No, and its quite obvious why not - they GIVE IT AWAY FOR FREE! why is this a question, seriously dumb.

Javik said,

The vast majority of the patent suits so far have been against products that use custom UI's

With Apple, yes... With Microsoft, No...

Android's Dalvik JVM along with the Linux kernel steps on Microsoft patents.

The Microsoft patent suitcase that is shown to MFRs producing phones using Android like Samsung and HTC have been very persuasive, let alone major Linux distributions like Red Hat that also pay licensing fees to Microsoft.

With Android and Google, there is not a product (something sold), which is why Microsoft has not went after Google directly.

Since Google's income from Android is in a few sub-licensing deals with the majority of their income from obtaining information and expanding their advertising and information brokering.

It would serve no purpose for Microsoft to 'halt' Google from distributing Android, when they can create a revenue stream from licensing patents from the phone/tablet MFRs.

duddit2 said,
No, and its quite obvious why not - they GIVE IT AWAY FOR FREE! why is this a question, seriously dumb.

You missed my point. If Microsoft really cared about protecting their inventions, they'd go after Google directly, rather than the handset manufacturers. Microsoft could sue Google for patent infringement, Google (if they are in fact guilty) pays a substantial fine, and removes the infringing components or licenses them for a reasonable fee. Problem solved.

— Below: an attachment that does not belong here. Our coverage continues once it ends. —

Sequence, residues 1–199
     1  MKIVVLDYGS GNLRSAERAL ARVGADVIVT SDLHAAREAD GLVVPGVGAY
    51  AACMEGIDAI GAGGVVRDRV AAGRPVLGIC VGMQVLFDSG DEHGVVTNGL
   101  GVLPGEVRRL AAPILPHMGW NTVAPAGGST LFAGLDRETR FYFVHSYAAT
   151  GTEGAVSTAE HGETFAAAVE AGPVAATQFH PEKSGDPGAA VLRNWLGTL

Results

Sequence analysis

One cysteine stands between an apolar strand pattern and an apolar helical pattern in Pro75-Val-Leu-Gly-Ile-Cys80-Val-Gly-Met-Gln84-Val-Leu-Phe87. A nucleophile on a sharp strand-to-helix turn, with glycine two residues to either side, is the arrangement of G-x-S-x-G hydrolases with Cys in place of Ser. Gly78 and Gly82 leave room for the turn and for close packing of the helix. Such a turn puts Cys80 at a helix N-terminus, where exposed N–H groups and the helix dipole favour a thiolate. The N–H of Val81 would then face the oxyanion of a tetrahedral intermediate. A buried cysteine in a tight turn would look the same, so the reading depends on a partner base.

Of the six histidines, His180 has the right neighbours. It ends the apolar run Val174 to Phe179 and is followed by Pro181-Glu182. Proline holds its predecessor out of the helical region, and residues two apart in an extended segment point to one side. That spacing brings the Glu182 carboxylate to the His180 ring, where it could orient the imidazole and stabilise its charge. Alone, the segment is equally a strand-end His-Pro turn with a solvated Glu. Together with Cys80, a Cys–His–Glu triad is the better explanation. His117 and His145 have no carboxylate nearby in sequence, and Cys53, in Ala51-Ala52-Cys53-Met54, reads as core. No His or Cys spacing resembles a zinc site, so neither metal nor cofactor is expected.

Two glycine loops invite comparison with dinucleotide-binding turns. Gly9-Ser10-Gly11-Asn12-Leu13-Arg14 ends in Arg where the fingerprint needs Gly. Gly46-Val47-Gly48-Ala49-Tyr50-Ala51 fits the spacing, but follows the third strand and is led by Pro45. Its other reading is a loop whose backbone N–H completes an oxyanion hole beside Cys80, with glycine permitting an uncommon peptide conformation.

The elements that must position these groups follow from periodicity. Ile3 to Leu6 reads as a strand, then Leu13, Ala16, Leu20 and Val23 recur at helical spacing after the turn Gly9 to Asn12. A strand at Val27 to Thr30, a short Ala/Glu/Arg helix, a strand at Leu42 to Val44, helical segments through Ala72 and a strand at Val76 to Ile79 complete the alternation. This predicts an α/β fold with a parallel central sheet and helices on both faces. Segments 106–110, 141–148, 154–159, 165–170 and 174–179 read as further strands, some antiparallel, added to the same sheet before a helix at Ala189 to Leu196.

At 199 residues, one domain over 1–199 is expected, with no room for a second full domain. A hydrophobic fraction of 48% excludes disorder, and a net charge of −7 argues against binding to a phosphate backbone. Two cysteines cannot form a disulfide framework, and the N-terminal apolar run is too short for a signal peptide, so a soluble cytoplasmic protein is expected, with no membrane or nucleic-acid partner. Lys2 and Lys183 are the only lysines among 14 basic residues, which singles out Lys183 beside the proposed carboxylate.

To answer my own question:
The problem with the scenario above however is that there's more profit to be made from suing/licensing to each individual manufacturer rather than licensing to the source. The handset manufacturers (like you are hinting) are easier targets since they produce more direct profits from Android than Google do (but don't fool yourself, Google make plenty of money from Android).

It's also easier from a litigious point of view to present a jury with a shiny phone and demonstrate overall similarities, rather than actually get into the meat of the patent and risk losing the case on a technical point in the patent (which is what SHOULD happen; getting into the technical points I mean, not losing).

thenetavenger said,

Android's Dalvik JVM along with the Linux kernel steps on Microsoft patents.

Nah. Given how badly Oracle embarrassed themselves in their Dalvik case, Microsoft wouldn't stand a chance.

I think they will rethink their MS bashing strategy... Even samsung is paying. Yes Motorola. Keep trying to get a lawsuit thru MS patent porfolio, maybe you will be able to reach an agreement.

Could they sell the phones blank?
Then the end users could install whatever OS they like (most likely android) to get around the sales ban?
The issue seems to me to be the sales of handsets with Android pre-installed. The issue being Android not the handset?

Tbh I would love to see a blank phone being released that you could install your own phone OS on to, a bit like the HD2 and its multitude of custom roms of different OS flavors but more mainstream and with better vendor support.
Or a truly vendor supported phone for custom modders? A GP2X Phone if you will (although with more support)

Teebor said,
Could they sell the phones blank?
Then the end users could install whatever OS they like (most likely android) to get around the sales ban?
The issue seems to me to be the sales of handsets with Android pre-installed. The issue being Android not the handset?

Tbh I would love to see a blank phone being released that you could install your own phone OS on to, a bit like the HD2 and its multitude of custom roms of different OS flavors but more mainstream and with better vendor support.
Or a truly vendor supported phone for custom modders? A GP2X Phone if you will (although with more support)

Sure they could do that..

But the 7 people that would be willing to do that, probably can already get around the ban themselves.

nickcruz said,

scraps

Oh, I didn't know. I'm not a patent expert. Google admitted they bought them for patents. I didn't know what kind of patents they were. But it seems we have a resident patent expert here. Thanks for correcting me.